Public space like the plaza in Al Fawwar is mostly unheard-of in Palestinian camps across the West Bank. Architectural upgrades raise fundamental questions about the Palestinian identity, implying permanence, which refugees here have opposed for generations. [...] Camps were conceived as temporary quarters. The absence of public space was then preserved over the years to fortify residents’ self-identification as refugees, displaced and stateless. — nytimes.com
A new development, 42 Crosby Street, is pushing the limits of New York City real estate to new heights with 10 underground parking spots that will cost more per square foot than the apartments being sold upstairs.
At $250,000 a tire, the parking spaces in the underground garage cost more than four times the national median sales price for a home, which is $217,800, according to Zillow. — New York Times
"Giving the boulevard back to the people... makes the streets habitable again," says Sean O’Malley of SWA. — swa group
How does a 10-block neighborhood intervention of volunteers in Highland Park, Los Angeles link to a $325 million streetscape and storm water infrastructure transformation in Shenzhen, China? “This is about giving the street and the boulevard back to the people,” says Sean O’Malley...
Though Ulaanbaatar’s sprawling informal ‘ger district’ lacks access to drinking water and sewerage, officials may struggle to coax residents to swap canvas for bricks and mortar — theguardian.com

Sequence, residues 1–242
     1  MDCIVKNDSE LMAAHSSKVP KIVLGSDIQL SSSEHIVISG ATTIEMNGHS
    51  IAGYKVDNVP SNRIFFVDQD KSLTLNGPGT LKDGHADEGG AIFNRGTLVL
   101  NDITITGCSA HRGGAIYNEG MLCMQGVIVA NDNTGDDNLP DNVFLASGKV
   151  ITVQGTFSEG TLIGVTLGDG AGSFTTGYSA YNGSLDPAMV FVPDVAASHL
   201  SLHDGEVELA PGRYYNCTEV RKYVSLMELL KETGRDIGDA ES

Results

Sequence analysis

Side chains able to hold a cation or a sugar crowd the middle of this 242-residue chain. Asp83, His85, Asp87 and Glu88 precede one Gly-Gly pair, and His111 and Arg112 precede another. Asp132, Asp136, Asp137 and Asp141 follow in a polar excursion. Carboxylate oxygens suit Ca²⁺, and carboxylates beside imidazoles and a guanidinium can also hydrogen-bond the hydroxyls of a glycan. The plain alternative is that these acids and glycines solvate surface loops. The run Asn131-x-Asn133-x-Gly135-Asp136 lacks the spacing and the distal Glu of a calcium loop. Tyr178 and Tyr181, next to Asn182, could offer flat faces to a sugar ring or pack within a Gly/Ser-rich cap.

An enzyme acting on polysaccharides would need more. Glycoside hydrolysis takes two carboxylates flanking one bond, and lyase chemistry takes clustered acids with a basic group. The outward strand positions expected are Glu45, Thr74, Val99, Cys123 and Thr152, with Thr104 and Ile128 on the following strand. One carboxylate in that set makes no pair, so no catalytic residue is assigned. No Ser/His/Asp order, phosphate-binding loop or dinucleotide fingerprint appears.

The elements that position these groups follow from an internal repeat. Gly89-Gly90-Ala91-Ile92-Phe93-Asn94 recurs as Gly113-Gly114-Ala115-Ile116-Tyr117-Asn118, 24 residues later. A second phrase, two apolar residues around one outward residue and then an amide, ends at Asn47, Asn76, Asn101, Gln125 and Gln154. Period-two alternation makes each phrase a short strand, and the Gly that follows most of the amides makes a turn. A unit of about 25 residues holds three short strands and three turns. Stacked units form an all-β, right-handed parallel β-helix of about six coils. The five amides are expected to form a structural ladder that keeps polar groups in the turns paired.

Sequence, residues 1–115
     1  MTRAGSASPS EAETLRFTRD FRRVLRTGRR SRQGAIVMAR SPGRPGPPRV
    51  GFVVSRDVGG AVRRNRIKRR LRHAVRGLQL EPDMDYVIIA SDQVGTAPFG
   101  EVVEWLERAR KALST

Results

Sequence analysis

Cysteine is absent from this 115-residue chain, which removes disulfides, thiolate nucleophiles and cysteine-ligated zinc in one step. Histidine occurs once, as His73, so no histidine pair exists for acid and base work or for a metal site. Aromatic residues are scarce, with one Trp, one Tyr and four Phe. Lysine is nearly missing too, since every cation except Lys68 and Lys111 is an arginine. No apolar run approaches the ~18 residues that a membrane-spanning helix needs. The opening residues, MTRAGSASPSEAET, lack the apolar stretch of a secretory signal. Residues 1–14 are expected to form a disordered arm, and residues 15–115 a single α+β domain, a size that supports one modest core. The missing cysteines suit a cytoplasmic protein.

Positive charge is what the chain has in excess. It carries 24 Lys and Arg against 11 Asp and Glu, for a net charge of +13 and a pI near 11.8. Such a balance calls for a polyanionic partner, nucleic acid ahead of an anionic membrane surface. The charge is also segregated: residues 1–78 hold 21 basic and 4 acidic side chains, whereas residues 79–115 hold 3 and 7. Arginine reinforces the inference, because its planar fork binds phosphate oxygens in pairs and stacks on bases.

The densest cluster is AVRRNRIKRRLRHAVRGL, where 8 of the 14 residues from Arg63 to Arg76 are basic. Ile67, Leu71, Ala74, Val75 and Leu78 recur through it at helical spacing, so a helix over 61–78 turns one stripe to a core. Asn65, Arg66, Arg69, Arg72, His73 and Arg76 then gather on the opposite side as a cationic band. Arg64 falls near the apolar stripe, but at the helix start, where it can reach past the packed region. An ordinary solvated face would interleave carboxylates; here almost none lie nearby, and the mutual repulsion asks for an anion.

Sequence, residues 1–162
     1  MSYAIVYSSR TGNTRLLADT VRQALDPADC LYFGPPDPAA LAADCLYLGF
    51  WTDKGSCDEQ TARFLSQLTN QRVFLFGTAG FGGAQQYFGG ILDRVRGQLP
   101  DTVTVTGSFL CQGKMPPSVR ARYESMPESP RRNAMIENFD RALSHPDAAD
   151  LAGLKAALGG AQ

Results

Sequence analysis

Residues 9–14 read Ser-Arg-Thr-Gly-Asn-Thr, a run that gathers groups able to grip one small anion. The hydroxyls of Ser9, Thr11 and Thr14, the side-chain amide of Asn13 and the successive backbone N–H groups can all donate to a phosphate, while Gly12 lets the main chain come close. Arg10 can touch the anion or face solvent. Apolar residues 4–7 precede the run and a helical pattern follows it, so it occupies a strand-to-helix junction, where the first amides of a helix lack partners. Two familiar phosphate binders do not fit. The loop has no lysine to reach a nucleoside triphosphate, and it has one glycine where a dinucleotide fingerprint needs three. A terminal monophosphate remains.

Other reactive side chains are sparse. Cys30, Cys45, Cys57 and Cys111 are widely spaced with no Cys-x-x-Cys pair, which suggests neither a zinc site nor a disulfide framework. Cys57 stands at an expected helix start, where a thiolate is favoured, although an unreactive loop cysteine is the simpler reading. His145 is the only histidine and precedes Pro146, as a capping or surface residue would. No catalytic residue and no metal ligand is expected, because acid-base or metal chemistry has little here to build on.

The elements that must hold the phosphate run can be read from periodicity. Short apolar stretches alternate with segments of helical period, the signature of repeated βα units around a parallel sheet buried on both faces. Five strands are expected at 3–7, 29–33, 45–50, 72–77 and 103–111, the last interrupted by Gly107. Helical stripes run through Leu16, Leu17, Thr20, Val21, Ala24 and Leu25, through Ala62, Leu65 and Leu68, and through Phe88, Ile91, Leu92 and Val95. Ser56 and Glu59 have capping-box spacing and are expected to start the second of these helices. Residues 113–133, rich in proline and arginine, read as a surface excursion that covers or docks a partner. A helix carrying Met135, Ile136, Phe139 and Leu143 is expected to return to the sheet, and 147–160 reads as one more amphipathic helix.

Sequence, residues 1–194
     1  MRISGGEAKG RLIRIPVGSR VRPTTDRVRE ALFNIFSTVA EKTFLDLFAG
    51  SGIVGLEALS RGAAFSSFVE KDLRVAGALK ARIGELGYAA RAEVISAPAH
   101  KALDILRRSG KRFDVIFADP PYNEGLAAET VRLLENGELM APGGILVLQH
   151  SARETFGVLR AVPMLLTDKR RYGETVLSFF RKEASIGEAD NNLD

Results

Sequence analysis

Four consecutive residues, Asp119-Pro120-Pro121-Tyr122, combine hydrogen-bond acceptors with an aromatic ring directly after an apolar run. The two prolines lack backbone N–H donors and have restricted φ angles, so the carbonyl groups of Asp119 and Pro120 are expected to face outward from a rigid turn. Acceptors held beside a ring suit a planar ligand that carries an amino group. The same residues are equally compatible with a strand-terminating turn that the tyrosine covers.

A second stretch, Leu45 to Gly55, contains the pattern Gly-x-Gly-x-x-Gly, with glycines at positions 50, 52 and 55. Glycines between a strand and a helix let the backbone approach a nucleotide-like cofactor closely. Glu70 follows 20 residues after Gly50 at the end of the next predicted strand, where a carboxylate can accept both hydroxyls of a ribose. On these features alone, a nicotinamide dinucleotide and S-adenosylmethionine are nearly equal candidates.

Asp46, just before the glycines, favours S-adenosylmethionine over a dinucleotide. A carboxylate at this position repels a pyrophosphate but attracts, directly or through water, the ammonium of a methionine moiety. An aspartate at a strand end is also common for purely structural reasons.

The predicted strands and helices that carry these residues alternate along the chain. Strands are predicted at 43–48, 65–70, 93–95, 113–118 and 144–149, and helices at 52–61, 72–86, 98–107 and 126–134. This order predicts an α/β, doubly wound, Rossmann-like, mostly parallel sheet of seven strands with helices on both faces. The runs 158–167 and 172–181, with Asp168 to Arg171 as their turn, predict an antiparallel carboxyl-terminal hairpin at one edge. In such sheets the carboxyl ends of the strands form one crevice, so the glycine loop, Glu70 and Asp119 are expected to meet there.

The idea of the Future Cemetery is to create a place for people to connect with death. What that actually means and looks like is still in development, Troyer says, but in the first stage of the project they did everything from projections to audio installations. Now, they’re working on developing augmented reality experiences in cemeteries—elements that are only visible with certain devices and if you know they’re there. The idea is to allow people to add to their own cemetery experience... — theatlantic.com
“The first thing is to find the identity of Seoul,” he says. “Seoul was created very differently from western cities, with special theories of feng shui and Confucianism, and we kept that for 600 years. We didn’t change anything – even under Japanese colonialism, that was kept. But since the 1960s, under American influence, it has changed very much.”